The specific study misconception of biobank infrastructure

August 5, 2013

It is comprehensible that a patient who agrees to participate in a clinical trial expects to get access to a new effective therapy that will restore health. It is comprehensible that it is difficult to convey objective, dispassionate information that such an expectation is unrealistic, given randomization and other features of clinical trials.

Participation in biobank research ought to be simpler to understand. How can you expect to get healthy by giving a blood sample and allowing future research to combine the genetic data that can be obtained from the sample with data accumulating over time in health registries? The therapeutic misconception ought to be less tempting in biobank research, making the relationship between researchers and participants more straightforward.

For this reason, I was surprised to read on the Science Codex Blog about a study indicating difficulties to understand participation in biobank research; difficulties similar to those that more comprehensibly arise for participation in clinical trials.

What surprised me even more, however, was the discussion about this finding that was quoted on the blog. The fact that participants in biobank studies cannot expect a new and better therapy was presented as a shortcoming vis-à-vis clinical trials, as if such an expectation was not a misconception. Moreover, hopes were expressed that a change is underway:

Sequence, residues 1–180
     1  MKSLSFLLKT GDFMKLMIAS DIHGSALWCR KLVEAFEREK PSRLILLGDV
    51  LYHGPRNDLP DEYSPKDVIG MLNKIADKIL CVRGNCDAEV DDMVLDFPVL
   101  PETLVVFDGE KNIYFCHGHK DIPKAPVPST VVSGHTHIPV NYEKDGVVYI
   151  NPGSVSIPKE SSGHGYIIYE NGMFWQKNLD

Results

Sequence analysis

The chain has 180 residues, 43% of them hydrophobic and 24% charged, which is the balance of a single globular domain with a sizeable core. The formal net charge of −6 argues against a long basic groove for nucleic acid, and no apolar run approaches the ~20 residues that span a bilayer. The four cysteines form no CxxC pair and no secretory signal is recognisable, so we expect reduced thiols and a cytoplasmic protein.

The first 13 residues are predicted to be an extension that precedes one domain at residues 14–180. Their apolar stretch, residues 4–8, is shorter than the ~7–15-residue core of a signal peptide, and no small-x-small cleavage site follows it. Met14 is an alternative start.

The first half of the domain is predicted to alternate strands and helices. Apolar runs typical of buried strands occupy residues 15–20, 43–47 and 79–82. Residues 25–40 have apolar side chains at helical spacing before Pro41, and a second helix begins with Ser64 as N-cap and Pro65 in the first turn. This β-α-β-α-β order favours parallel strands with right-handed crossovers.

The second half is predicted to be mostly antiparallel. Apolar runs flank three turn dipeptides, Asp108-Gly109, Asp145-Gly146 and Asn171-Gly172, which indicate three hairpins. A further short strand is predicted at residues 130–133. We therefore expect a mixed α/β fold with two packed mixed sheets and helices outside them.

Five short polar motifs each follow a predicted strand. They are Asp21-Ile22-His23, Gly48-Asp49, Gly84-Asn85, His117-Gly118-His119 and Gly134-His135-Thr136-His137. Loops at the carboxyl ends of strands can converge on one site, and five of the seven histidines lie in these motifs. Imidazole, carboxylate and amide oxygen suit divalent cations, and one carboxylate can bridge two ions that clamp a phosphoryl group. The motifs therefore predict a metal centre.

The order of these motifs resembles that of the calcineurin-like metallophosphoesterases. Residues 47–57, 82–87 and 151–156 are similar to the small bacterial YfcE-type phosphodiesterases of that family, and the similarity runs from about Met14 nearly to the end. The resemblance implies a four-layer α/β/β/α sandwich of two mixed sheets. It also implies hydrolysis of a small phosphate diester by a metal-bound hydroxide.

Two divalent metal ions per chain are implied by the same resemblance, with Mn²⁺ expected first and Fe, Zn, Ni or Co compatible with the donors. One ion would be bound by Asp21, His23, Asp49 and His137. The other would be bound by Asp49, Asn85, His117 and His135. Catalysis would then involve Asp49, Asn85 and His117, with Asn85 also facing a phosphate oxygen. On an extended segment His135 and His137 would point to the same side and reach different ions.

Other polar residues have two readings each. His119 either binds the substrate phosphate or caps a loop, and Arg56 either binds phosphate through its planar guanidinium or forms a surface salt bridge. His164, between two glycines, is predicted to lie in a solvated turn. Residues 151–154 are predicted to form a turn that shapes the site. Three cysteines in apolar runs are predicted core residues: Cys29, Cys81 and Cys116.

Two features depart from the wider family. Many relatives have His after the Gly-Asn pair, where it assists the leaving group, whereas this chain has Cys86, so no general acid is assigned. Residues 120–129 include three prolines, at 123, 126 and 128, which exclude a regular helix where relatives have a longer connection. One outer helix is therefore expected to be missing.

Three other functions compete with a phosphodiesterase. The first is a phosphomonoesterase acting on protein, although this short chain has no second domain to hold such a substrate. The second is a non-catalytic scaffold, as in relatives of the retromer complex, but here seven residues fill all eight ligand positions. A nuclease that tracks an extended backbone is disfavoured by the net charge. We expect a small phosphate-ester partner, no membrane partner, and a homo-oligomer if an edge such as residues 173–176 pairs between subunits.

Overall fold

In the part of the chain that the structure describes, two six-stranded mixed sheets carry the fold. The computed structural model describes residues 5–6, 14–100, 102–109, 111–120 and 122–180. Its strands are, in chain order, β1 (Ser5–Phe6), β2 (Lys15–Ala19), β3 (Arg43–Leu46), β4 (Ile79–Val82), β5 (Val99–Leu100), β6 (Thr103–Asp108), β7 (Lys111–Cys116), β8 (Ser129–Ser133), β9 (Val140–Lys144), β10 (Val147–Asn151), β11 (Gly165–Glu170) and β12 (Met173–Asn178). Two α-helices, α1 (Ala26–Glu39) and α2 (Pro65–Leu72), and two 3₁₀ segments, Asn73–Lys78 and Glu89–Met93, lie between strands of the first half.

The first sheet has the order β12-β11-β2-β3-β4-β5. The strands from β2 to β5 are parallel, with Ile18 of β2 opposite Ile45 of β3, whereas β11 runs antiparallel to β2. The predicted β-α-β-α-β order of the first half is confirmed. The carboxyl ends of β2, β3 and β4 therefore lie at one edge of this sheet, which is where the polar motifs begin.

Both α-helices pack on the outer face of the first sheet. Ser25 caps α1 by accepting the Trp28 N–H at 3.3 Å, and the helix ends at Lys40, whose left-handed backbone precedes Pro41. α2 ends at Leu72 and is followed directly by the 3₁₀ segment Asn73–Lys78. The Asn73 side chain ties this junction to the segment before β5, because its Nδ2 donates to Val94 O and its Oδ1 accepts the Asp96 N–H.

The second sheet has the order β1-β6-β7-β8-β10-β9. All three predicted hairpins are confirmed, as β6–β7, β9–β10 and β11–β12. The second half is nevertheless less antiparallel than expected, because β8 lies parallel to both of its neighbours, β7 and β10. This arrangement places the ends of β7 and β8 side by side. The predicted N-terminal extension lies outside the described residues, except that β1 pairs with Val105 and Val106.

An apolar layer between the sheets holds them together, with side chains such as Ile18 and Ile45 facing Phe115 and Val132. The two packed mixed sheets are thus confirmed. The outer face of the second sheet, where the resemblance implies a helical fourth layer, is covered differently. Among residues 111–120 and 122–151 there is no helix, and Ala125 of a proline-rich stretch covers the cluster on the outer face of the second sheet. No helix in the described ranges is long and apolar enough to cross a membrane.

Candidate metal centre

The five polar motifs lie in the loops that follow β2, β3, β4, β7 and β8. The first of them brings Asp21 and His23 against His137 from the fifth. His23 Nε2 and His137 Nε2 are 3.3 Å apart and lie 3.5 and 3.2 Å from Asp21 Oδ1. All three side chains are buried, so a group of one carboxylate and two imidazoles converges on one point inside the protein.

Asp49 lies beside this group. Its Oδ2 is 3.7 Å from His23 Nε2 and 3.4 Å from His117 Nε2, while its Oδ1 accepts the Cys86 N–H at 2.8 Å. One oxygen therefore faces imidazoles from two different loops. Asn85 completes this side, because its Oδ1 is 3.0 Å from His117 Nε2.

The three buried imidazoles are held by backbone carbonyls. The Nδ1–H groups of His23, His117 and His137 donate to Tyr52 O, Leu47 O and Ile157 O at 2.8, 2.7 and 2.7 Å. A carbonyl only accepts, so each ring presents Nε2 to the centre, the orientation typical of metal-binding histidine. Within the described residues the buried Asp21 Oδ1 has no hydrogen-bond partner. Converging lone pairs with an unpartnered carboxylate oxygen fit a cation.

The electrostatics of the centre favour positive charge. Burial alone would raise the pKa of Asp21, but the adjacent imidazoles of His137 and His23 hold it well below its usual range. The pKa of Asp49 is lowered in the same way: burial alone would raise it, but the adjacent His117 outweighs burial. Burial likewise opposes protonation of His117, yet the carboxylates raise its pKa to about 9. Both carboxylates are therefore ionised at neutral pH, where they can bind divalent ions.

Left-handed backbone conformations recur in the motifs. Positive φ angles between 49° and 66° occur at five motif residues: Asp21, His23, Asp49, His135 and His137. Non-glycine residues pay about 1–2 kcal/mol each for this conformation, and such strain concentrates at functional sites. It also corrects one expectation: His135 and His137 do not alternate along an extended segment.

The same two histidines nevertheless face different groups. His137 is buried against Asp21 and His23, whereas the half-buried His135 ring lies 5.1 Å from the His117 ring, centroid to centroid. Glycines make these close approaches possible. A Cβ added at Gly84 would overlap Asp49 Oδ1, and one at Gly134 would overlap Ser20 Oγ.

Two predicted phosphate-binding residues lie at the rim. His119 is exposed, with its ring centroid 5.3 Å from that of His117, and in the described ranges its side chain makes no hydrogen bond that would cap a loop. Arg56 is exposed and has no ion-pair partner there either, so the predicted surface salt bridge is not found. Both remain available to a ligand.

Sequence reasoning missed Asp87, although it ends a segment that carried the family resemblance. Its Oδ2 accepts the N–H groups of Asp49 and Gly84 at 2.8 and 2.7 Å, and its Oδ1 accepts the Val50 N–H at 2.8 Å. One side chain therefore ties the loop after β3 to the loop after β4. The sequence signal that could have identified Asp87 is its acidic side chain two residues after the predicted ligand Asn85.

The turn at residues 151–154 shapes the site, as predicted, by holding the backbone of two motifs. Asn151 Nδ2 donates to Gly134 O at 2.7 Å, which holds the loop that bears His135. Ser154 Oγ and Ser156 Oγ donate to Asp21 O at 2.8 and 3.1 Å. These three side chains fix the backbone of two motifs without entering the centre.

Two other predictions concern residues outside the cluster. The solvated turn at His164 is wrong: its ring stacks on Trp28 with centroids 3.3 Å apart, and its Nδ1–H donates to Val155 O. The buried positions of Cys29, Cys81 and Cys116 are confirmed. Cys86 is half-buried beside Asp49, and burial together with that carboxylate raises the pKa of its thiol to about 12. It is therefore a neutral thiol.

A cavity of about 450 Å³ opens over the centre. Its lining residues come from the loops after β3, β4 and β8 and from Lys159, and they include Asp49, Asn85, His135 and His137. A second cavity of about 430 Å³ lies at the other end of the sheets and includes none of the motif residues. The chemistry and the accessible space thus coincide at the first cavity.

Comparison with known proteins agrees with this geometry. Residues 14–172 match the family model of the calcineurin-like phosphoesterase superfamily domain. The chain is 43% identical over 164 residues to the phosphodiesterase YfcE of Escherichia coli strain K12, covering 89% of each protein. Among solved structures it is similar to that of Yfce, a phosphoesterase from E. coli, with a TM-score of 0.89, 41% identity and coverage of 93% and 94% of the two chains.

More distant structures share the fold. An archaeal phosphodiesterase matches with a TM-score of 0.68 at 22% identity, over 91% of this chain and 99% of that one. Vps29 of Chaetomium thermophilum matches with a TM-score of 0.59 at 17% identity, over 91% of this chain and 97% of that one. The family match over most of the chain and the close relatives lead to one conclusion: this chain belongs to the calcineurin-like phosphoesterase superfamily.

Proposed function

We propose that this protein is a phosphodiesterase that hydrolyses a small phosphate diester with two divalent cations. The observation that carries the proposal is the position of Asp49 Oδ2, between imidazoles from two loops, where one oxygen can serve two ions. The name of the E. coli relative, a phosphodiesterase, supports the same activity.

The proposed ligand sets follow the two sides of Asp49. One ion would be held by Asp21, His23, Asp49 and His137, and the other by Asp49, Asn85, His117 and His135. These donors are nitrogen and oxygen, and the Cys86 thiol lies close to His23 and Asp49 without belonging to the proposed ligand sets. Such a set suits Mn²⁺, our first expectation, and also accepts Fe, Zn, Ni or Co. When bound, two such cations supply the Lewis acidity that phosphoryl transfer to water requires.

• “Some new models for biobank studies are more inclusive of the research subject, offering on-going contact and return of results that may impact their health, says Dr. McBride.”

I do not exclude that such models might work for some restricted biobank studies about specific diseases, which might require on-going contact with a particular patient group to get the research done.

But biobanking is more and more about building infrastructures where samples are stored indefinitely for future research that cannot be specified in advance. Making participation in such infrastructures more like participation in specific clinical trials – supporting the therapeutic misconception where it ought to be most distant! – appears fundamentally misguided.

The infrastructural nature of modern biobanking remains to be understood. It needs to be freed from what might be termed the specific study misconception.

Pär Segerdahl

We challenge habits of thought : the Ethics Blog


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